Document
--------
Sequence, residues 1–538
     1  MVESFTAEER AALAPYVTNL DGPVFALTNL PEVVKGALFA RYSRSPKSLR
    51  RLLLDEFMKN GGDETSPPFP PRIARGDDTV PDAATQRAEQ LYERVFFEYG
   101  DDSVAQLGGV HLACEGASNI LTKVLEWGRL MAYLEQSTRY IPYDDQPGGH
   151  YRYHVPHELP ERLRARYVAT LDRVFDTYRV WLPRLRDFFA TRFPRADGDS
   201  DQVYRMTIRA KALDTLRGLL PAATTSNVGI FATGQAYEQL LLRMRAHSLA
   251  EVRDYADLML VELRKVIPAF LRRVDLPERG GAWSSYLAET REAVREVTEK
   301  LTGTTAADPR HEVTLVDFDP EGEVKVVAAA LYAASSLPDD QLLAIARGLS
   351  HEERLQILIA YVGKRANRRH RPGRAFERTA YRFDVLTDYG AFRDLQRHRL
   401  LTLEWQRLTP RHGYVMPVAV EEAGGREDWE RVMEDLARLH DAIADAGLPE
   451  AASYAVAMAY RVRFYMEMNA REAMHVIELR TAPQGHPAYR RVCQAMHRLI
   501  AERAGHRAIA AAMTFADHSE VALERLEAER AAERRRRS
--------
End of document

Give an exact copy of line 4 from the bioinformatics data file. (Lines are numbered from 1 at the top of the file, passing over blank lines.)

   101  DDSVAQLGGV HLACEGASNI LTKVLEWGRL MAYLEQSTRY IPYDDQPGGH